News Update


As fuel costs climb, inflationary pressures in the United States remain persistent.

The Labor Department said that the 12-month inflation rate, which gauges the rate at which prices grow, was 3.7% in August, up from 3.2% in July.

The findings highlight the difficulties that officials have in attempting to stabilize prices, which rose at the quickest rate in decades last year.

Inflation has declined dramatically since its peak last year.

However, economists believe the US central bank, which wants to keep inflation at 2%, will remain concerned that the problem has not been rectified.

In an effort to curb price increases, the bank has already hiked its benchmark interest rate to the highest level in 22 years, aiming a range of 5.25% to 5.5%.

It is scheduled to convene later this month to discuss whether additional hikes are required.

Chart of US Inflation
According to the study released on Wednesday, fuel costs were the primary cause of the increase in consumer prices from July to August. Inflation reached 0.6% in June, the highest since June 2022.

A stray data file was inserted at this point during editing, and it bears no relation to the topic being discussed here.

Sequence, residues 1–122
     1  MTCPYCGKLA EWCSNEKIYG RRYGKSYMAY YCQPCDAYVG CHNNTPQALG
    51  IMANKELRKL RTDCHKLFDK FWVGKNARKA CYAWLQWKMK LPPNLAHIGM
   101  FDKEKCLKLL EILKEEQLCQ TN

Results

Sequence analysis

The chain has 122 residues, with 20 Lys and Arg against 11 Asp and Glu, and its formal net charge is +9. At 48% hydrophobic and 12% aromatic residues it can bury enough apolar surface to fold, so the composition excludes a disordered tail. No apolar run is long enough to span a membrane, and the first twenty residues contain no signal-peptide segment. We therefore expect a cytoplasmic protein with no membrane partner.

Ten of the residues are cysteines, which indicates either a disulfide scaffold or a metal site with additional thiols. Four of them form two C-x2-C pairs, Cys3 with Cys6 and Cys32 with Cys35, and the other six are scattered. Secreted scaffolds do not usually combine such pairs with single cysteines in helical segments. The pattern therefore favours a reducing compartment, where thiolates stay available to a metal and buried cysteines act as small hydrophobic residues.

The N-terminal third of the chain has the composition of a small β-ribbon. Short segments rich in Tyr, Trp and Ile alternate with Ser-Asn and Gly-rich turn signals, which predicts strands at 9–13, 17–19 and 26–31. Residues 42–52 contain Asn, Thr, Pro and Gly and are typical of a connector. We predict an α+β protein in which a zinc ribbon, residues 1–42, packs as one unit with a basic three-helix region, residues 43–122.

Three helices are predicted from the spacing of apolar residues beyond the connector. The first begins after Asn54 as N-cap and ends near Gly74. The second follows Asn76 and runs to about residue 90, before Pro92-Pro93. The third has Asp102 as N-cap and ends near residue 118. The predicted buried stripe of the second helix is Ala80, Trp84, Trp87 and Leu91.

Even after excluding food and gasoline, where price swings are prevalent, prices rose by 0.3%, which was more than predicted.

Housing expenses, which are a big component of the US consumer price index and were expected to begin cooling this year, climbed for the 40th month in a row.

According to analysts, the Federal Reserve is still unlikely to raise interest rates at its meeting, especially since rate increases have minimal impact on fuel prices, which were the largest contributor to the August inflation increase.

However, the statistics released on Wednesday may prompt it to act later in the year, according to Charles Hepworth, investment director at GAM Investments, a Zurich-based asset management firm.


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